2011 Trafficking in Persons Report - The Bahamas
|Publisher||United States Department of State|
|Publication Date||27 June 2011|
|Cite as||United States Department of State, 2011 Trafficking in Persons Report - The Bahamas, 27 June 2011, available at: http://www.refworld.org/docid/4e12ee41c.html [accessed 25 April 2014]|
The Bahamas (Tier 2 Watch List)
The Bahamas is a destination, source, and transit country for men, women and children subjected to forced labor and sex trafficking. Senior Bahamian officials during the year acknowledged that forced labor and forced prostitution exists in The Bahamas. NGOs and officials in The Bahamas are concerned that the estimated 30,000 undocumented Haitians, most of whom arrive in The Bahamas voluntarily, are highly vulnerable to forced labor in farming, landscaping, and housekeeping. NGOs allege there were cases where employers coerce Haitian workers into involuntary servitude by improperly holding work permits and threatening arrest and deportation. NGOs and local experts also have raised concerns that some workers from Jamaica, China, Peru, and the Philippines could be vulnerable to involuntary servitude. Anecdotal reports suggest that women from South American countries such as Brazil, Colombia, and Panama may be subjected to forced prostitution. Groups vulnerable to sex trafficking in The Bahamas include children engaging in sex with men for basics such as food, transportation, or material goods.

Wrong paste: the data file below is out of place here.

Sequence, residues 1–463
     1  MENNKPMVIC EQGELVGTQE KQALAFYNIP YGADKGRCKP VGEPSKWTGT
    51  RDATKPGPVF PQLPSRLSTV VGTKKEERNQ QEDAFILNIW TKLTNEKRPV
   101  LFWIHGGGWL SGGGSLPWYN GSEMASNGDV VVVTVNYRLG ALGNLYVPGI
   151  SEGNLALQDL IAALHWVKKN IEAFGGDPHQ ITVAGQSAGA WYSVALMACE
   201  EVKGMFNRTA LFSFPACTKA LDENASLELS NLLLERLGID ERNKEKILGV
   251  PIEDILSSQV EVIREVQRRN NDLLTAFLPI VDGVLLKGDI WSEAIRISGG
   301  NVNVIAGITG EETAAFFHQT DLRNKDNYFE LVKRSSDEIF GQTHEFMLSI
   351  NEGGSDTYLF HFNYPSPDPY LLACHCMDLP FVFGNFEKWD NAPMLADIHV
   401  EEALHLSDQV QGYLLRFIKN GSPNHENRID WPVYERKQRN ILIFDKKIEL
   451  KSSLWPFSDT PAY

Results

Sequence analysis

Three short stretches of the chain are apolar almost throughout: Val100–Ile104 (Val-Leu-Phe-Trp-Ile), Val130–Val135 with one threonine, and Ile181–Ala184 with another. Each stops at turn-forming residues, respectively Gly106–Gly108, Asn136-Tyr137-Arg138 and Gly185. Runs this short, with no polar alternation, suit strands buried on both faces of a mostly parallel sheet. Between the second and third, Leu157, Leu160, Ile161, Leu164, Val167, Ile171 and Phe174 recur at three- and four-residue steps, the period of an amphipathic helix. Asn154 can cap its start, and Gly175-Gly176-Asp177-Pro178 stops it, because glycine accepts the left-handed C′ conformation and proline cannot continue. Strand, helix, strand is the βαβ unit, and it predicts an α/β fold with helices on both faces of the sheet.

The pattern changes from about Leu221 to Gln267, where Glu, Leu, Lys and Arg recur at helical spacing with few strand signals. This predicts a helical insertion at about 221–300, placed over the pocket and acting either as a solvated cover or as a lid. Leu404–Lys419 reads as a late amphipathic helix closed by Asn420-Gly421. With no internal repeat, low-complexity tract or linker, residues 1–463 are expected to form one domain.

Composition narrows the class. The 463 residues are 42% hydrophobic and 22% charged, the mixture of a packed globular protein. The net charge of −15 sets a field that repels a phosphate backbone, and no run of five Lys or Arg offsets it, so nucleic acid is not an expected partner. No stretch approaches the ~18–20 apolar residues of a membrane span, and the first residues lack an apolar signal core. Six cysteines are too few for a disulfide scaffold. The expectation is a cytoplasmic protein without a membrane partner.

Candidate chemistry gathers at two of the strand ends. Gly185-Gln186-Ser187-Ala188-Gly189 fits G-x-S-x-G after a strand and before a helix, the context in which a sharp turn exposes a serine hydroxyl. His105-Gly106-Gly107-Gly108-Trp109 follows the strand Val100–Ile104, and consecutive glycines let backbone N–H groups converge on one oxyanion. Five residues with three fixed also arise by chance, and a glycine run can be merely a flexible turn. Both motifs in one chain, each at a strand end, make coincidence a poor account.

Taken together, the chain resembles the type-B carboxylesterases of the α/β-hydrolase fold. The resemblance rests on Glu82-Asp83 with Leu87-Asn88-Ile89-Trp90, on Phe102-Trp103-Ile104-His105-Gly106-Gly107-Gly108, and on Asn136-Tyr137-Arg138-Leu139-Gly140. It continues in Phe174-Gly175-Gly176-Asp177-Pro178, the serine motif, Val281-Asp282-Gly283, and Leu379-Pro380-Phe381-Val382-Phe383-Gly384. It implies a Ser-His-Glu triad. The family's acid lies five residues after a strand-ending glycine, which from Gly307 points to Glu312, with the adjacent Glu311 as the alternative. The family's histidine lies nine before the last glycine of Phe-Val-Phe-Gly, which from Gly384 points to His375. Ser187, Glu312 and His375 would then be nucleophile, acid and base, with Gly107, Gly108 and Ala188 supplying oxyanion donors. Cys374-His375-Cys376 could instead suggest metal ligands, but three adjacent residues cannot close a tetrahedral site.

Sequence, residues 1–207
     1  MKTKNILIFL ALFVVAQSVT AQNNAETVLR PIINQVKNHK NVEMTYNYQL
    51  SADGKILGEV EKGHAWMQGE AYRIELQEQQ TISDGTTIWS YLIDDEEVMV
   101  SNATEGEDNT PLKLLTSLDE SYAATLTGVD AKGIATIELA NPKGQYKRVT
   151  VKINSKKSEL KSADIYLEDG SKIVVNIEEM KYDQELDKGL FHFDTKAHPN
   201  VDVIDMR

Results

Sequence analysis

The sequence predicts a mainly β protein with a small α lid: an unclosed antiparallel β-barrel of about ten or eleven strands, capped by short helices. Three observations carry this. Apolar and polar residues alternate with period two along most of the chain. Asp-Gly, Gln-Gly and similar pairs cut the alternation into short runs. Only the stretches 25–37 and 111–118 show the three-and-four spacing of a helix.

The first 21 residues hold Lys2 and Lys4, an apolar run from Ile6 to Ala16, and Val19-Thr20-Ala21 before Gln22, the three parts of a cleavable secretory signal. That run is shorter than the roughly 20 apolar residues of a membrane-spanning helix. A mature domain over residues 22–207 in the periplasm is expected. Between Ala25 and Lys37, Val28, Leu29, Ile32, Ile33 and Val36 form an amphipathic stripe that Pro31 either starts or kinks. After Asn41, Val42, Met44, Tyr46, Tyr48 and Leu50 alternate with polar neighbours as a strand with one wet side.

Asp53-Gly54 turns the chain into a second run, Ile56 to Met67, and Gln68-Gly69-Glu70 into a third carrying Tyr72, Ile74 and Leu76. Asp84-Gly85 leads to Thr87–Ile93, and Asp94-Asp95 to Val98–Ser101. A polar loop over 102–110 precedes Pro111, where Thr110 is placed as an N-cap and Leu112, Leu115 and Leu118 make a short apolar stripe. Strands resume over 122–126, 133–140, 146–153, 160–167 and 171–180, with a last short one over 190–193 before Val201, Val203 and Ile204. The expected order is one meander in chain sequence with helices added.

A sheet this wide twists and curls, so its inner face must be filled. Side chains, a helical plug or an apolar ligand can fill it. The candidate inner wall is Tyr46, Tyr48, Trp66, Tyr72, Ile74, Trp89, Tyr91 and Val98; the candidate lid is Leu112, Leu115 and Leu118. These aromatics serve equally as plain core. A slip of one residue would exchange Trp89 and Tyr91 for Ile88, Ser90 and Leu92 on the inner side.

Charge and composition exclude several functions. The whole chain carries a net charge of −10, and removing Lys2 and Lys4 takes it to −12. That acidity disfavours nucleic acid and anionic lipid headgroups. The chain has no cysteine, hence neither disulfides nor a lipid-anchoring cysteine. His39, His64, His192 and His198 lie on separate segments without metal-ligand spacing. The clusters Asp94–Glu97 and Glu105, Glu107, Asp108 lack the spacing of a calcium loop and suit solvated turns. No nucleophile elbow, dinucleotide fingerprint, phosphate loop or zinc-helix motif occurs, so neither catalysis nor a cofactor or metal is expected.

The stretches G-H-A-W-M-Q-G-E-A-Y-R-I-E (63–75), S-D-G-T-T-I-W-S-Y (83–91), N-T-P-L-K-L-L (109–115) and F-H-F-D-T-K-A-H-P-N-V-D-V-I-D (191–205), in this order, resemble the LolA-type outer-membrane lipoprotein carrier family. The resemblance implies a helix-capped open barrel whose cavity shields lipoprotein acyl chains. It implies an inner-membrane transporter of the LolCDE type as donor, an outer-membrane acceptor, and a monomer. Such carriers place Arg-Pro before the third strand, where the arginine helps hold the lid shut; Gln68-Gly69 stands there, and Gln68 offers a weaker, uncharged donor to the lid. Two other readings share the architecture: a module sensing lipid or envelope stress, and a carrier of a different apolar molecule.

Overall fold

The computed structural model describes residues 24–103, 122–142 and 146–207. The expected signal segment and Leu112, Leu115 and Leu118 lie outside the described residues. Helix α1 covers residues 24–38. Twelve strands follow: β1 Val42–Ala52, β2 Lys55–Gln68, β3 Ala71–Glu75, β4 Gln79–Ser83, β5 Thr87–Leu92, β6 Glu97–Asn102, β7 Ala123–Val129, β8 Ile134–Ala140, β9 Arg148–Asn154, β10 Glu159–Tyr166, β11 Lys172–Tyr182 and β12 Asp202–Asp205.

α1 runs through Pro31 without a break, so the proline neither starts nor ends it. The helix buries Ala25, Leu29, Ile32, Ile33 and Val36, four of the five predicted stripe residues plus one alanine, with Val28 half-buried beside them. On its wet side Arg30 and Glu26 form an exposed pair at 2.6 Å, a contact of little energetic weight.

The Government of The Bahamas does not fully comply with the minimum standards for the elimination of trafficking; however, it is making significant efforts to do so. Despite these efforts – most notably increased government statements of commitment to address the country's human trafficking problem – the government did not demonstrate evidence of an overall increase in its anti-trafficking efforts over the previous year; therefore, The Bahamas is placed on Tier 2 Watch List. Specifically, there were no reports of victims assisted or trafficking offenders prosecuted and punished. The absence of a formal inter-ministerial coordination body and formal procedures to guide officials in how to identify and address suspected instances of forced labor or forced prostitution were obstacles to progress during the reporting period. Portending well for future results, by the end of 2010, the director of public prosecutions announced it had established a special cadre of prosecutors to prosecute trafficking cases.
Recommendations for The Bahamas: Develop and implement formal procedures to guide police, immigration officials, and labor inspectors in how to identify victims of forced labor and forced prostitution among vulnerable groups, including migrant workers and people in prostitution, and refer them to available services; identify potential victims of forced labor and forced prostitution; fund NGOs designated to assist victims; and vigorously prosecute, convict, and sentence trafficking offenders.